Terrell Owens seemed to be all washed up. He was playing in an indoor football league and making appearances on the Dr. Phil Show, meanwhile his NFL career appeared to be all but over. That is until Wednesday.
After signing a one-year, $1 million deal with the Seattle Seahawks on Tuesday, TO returned to the practice field in Renton, Washington for the first time in more than a year and a half. And apparently, he’s a changed man.
Owens, who ranks second all-time in receiving yards — behind only Jerry Rice, admittedly understands that he is no longer the star of the show and rather only wants to be a piece to the puzzle.
“It’s all about for me now being part of something rather than being the center of something,” Owens said in an interview with ESPN. “A lot of things have occurred in the last two years, and I’ve had a lot of time to think about things and put things in perspective and I just want to move forward and leave all the things that happened five to 10 years ago behind me.”
Some strong words from a man who once ran all the way to 50-yard line at Cowboys Stadium to purposely show up the Dallas fans and celebrate not just a touchdown but his own greatness.
While the now 38-year-old receiver appears to have plenty left in the tank and will likely go down as one of the greatest receivers of all time, his self centered attitude is the real issue at the core of the concern. So even with the mediocre talent filling out the Seahawks roster, Owens won’t make the difference he’s capable of unless his attitude has in fact been altered for the better.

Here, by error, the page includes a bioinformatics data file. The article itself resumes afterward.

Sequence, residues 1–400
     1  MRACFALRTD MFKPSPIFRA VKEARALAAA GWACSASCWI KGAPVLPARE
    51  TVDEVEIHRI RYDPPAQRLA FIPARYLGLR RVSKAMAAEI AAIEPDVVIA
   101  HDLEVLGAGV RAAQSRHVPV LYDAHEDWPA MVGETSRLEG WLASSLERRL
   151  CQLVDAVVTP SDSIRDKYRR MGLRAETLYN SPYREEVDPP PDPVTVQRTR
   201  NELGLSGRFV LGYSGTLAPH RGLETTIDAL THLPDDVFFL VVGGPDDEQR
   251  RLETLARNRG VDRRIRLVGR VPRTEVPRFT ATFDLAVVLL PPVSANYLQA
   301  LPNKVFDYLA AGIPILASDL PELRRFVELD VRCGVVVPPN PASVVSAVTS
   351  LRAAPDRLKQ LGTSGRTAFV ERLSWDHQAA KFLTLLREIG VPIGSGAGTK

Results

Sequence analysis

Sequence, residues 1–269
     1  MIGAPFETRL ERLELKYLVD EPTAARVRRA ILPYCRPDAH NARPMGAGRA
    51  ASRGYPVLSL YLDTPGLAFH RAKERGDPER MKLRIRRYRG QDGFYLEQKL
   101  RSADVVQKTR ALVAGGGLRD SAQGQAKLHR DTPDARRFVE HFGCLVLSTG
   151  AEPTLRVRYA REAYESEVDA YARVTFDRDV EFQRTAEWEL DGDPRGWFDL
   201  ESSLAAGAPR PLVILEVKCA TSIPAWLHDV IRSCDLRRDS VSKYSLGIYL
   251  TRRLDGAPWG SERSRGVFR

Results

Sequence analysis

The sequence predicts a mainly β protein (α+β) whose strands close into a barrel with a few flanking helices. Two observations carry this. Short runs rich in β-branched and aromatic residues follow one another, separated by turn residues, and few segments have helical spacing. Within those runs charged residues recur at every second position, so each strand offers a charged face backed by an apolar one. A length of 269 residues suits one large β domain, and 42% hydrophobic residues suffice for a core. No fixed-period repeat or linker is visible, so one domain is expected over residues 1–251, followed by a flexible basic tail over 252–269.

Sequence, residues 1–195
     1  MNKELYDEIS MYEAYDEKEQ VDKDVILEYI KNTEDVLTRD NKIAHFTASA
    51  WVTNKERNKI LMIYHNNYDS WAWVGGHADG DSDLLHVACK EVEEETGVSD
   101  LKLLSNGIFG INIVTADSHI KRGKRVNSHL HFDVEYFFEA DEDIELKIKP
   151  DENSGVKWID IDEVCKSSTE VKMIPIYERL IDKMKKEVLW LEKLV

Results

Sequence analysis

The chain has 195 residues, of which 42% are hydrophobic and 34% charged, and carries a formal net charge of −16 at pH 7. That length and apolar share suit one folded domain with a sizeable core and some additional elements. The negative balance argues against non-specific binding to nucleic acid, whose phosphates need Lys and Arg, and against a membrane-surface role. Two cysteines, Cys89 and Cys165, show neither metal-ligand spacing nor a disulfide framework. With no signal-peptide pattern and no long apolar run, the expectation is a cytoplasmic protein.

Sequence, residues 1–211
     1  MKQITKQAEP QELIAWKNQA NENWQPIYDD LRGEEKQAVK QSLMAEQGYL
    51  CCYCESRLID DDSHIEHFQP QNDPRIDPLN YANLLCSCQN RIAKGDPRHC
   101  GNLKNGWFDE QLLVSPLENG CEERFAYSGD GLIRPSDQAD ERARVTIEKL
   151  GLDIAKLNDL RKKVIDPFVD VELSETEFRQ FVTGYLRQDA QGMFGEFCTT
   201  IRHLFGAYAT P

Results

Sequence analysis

“Just to get around that atmosphere and to know that I was at the top at one point,” Owens proclaimed. “It’s almost like I have to rebuild my career, start over.”
Starting over is certainly hard to do, especially at 38 and even more so after 16 seasons in the NFL, but if TO is truly dedicated to this new attitude then his impact on a Seahawks team that finished 8-8 in 2011 could be noticeable.
Apparently there’s just enough snakes on this Olympic basketball court.
OH YEAH, The BLACK MAMBA’S strikin’ all kindsa Aussie Ass! G’day fellas! Go USA!!
— Samuel L. Jackson (@SamuelLJackson) August 8, 2012
“I’m a football coach, that’s what I do, and I know my son wouldn’t want it any other way. I can’t put it to you any more frank than that. He loved the Philadelphia Eagles. I know what he would want me to do.”
— Andy Reid on his late son Garrett’s death
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